Winter 1996 (4.4)
Page 73

In July 1994, only three short months after the cease-fire between Azerbaijan and Armenia, President Aliyev and his administration turned their attentions to the future of Azerbaijan-its youth. The first Ministry established by Presidential decree was the Ministry of Youth and Sports, which has been led by Abulfaz Garayev since its inception. Garayev estimates that at least 30% of Azerbaijani refugees are youth-people under the age of 25. So the activities of this Ministry have a significant impact upon the lives of many Azerbaijanis.

Left: Irada Ashumova-2nd Place Riflery Winner at World Cup (1996).

Under the Soviet regime, the empire had only one centralized organization dedicated to young people-the Komsomol-a governmental entity whose activities naturally conformed to communist ideology. Likewise, there was only one organization for the administration of sports-the Committee of Sports. With the collapse of the Soviet Union and its communist ideology, these organizations ceased to exist, leaving behind a huge void.

These days in Azerbaijan, there are more than 80 different youth organizations, completely independent of the government, which focus on many aspects of the youth experience. Seeking support for their efforts, as well as guidance, many of these organizations have voluntarily become associated with the new Ministry of Youth and Sports. And together, a decision was made to try to establish an overall ideology, or vision, of what they wanted to achieve for the Azerbaijani youth. To that end, 14 committees have been formed which are currently analyzing how young people should relate to such topics as religion, business, crime, drugs, education, agriculture, health, sports, ideology, politics, entertainment, etc.

As its name implies, Azerbaijan's Ministry of Youth and Sports is also active in the athletic arena. One of its goals is to protect the rights of all people to be engaged in sports and physical culture. Through the implementation of laws, the Ministry establishes guidelines for: (1) the championships which take place inside Azerbaijan, (2) the determination of who qualifies to participate in international tournaments, and (3) the activities of the companies and organizations who are arranging and funding sporting competitions.




Left: Ilgar Mammadov. Fencing Gold Medalist at Olympics in Barcelona (1992); Two-Time World Fencing Champion; Three-Time European Fencing Champion.
Middle: Zulfiyya Huseinova. Four-Time World Judo Champion, most recently in Japan (1996).
Right: Namig Abdullayev. Wrestling Silver Medalist at Olympics in Atlanta (1996).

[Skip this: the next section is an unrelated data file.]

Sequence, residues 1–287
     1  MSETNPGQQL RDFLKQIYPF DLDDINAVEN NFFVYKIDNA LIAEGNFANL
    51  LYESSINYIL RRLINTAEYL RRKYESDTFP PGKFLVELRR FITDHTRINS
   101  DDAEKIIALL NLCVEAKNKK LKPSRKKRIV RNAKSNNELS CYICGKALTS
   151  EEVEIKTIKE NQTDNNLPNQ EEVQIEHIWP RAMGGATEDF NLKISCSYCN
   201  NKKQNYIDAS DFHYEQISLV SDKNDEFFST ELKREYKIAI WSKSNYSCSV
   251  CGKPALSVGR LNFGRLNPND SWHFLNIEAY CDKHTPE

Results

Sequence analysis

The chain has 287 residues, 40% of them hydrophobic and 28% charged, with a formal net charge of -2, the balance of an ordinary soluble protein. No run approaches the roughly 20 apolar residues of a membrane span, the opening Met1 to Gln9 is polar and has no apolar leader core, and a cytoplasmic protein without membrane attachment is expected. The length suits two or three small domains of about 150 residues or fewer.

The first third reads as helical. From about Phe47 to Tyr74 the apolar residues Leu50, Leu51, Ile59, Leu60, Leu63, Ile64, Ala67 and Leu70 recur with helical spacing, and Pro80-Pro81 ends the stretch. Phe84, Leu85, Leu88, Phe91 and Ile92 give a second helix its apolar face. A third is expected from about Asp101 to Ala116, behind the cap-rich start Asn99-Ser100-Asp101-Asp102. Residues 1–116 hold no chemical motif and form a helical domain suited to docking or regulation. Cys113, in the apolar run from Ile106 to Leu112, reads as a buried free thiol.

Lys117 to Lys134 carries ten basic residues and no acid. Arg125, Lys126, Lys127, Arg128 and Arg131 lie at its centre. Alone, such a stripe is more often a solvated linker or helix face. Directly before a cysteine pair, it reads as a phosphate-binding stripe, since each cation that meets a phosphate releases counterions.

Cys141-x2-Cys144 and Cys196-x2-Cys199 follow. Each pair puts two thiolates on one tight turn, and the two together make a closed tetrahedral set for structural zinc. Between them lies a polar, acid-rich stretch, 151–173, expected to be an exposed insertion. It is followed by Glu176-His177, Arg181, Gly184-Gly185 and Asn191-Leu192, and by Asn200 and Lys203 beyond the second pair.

Since independence, Azerbaijanis have taken pride in receiving international recognition for their athletic achievements. They no longer have to perform under the anonymous umbrella of "Soviet," which was often assumed to be "Russian." In 1995, they brought home 52 medals, including 23 gold. They excelled most in wrestling, boxing, judo, and karate. This past summer in Atlanta, however, was the first time that Azerbaijan had participated in the Olympic games as an independent state, under its own flag. When the Azerbaijani delegation of athletes arrived in Atlanta, few spectators seemed to know this country. But after one of the Azerbaijani wrestlers won the silver medal, suddenly people were saying, "Oh, you're from Azerbaijan? You have good wrestlers and good boxers."

Of course, producing world-class athletes these days is quite a challenge for Azerbaijan due to the limitations imposed by its struggling economy. There is simply not enough money to support everyone who wants to participate in international competitions, nor to provide for the development of their athletic skills to their ultimate potential. However, during this period of transition, the Ministry of Youth and Sports is doing what it can to combine the best of the Soviet system for breeding high-class athletes with what it has learned through exposure to the West.

Tahir Zahidov. Greco-Roman Style Wrestling World Champion (1995).

As the Minister of Youth and Sports, Garayev senses that the prevailing attitude among the Azerbaijani youth of today is optimism. According to Garayev, "Fortunately, youth are flexible and recover quickly from difficulties. Our country must look to the future with optimism. Our President does, and we must do everything in our power to make sure that the youth continue to face the future with hope, too."


From Azerbaijan International (4.4) Winter 1996.
© Azerbaijan International 1997. All rights reserved.

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